In 2009, Bishop Martin Holley, the Auxiliary Bishop of Washington, wrote a strong statement in support of Senate Bill 279 which would repeal Maryland's death penalty. Here is a portion of his statement:
"I trust our Catholic Church’s long-standing advocacy for death penalty repeal in Maryland, and our consistent advocacy for laws that respect all human life – even that of the convicted criminal – is well known to you. Our Church teaches that all human life is sacred and must be protected and defended from conception to natural death. It is a teaching which admits no exceptions – whether of a seriously deformed child in the womb, nor an elderly person suffering from grievous disease in its final stage, nor even a death-row inmate who has wrongfully and wantonly taken the life of another. It is my prayer that the repeated urgings of the Church, together with the urgings of so many other faith communities, citizens groups, and victims’ families, and together with the compelling findings that you now have before you from the Commission on Capital Punishment, will at last inspire you to take action this year to abolish Maryland’s death penalty.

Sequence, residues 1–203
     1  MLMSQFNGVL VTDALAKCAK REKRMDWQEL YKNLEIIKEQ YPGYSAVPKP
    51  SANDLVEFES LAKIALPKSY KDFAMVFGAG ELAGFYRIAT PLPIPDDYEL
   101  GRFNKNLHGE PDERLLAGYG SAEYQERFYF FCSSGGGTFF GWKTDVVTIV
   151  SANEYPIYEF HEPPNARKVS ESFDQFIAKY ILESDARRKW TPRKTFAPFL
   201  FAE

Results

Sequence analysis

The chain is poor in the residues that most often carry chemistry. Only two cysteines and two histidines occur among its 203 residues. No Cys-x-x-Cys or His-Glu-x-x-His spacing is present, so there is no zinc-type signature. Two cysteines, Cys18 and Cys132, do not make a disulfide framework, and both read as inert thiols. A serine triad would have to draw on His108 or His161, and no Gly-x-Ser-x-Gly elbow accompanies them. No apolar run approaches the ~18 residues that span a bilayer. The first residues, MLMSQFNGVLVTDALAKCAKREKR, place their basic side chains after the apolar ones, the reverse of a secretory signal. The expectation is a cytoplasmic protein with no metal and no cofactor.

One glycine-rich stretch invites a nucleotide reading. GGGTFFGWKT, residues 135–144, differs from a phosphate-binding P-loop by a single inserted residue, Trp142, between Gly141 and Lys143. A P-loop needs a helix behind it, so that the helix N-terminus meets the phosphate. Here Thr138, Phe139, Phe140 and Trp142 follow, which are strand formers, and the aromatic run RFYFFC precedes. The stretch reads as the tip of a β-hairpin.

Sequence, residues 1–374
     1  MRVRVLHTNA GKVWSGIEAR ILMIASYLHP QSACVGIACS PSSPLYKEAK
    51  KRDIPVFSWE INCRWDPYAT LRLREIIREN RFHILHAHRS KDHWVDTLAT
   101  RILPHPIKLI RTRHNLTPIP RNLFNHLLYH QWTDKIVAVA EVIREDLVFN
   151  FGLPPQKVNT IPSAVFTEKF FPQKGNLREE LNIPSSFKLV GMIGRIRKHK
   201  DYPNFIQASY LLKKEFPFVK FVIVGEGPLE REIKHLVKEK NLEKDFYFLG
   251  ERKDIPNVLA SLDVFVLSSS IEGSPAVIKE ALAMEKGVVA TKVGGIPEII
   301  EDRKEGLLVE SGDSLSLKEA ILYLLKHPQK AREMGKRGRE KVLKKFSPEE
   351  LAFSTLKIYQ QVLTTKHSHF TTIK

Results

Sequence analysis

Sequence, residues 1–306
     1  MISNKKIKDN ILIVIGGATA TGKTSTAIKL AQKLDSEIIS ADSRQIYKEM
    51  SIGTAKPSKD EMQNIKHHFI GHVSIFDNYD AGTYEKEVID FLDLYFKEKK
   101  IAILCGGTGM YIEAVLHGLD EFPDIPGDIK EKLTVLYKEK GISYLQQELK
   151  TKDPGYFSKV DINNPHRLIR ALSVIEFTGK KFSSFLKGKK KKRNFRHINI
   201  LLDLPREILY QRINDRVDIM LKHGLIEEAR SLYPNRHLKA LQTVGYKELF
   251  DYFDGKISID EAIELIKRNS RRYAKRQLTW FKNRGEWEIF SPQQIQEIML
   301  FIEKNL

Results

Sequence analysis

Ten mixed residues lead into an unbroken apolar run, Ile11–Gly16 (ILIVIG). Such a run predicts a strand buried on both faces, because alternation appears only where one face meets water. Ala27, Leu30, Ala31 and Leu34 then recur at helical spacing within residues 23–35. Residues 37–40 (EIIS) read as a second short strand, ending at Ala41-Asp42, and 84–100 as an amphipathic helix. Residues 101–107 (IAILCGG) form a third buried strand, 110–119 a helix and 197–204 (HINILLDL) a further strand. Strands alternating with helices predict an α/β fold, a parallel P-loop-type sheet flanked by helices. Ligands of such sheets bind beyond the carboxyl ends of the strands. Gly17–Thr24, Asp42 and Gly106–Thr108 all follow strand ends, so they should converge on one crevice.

I am honored to add my voice today in imploring you to take this action. I do so not only on behalf of the Maryland bishops, but also as a member of the U.S. Bishops’ Pro-Life Committee, as Chairman of their Subcommittee for African-American Catholics, and as a member of the Washington Archdiocese’s Prison Outreach Ministry. Through my work on behalf of the Church’s pro-life efforts, and as an African American, I feel keenly the harm that a culture of violence has wrought on our community, and recognize daily the dire need for a change in culture that can only be brought about through a genuine respect for all human life.
In our view as a faith community, arguments against the death penalty do not rest simply on questions regarding bias, deterrence, cost-effectiveness, and the possibility of error. The convincing evidence that other panels today will provide you on these various aspects of the Commission’s findings are undoubtedly critically important to your deliberations. But for us, the fundamental moral question remains: Are we permitted to deliberately take the life of another human being? The teachings of our Church tell us that when other punishment options that are sufficient to protect the public’s safety are available to government, we should not resort to the death penalty, not even in the case of one who takes the life of another human being and, by doing so, denies not only his own and his victim’s human dignity, but God’s dominion, as well. In the Church’s view, the human quest for justice never permits us to assume the absolute power over human life implicit in capital punishment."